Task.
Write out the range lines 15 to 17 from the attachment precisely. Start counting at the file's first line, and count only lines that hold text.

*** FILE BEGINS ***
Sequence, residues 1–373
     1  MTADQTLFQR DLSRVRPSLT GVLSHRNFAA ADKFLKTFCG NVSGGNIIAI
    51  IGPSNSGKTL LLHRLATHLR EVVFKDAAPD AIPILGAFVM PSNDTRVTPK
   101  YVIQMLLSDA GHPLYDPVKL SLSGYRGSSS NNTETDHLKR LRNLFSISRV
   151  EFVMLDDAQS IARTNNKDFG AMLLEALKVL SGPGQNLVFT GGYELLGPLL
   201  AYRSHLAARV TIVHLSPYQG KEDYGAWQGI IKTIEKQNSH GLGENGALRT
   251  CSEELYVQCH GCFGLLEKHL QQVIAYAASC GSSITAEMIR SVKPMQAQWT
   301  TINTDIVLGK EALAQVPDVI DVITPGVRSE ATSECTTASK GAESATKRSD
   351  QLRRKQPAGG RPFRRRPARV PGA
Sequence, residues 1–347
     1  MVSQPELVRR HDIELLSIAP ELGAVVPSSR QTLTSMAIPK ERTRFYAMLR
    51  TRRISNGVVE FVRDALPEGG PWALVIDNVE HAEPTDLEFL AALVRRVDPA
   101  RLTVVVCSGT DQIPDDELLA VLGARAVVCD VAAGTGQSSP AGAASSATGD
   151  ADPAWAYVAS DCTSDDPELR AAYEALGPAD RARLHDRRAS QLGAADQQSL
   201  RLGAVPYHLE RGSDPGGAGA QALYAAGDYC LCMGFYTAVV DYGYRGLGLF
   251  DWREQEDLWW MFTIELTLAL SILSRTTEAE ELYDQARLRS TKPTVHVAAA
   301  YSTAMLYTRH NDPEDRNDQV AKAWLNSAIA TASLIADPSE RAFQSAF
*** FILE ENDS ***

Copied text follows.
   201  RLGAVPYHLE RGSDPGGAGA QALYAAGDYC LCMGFYTAVV DYGYRGLGLF
   251  DWREQEDLWW MFTIELTLAL SILSRTTEAE ELYDQARLRS TKPTVHVAAA
   301  YSTAMLYTRH NDPEDRNDQV AKAWLNSAIA TASLIADPSE RAFQSAF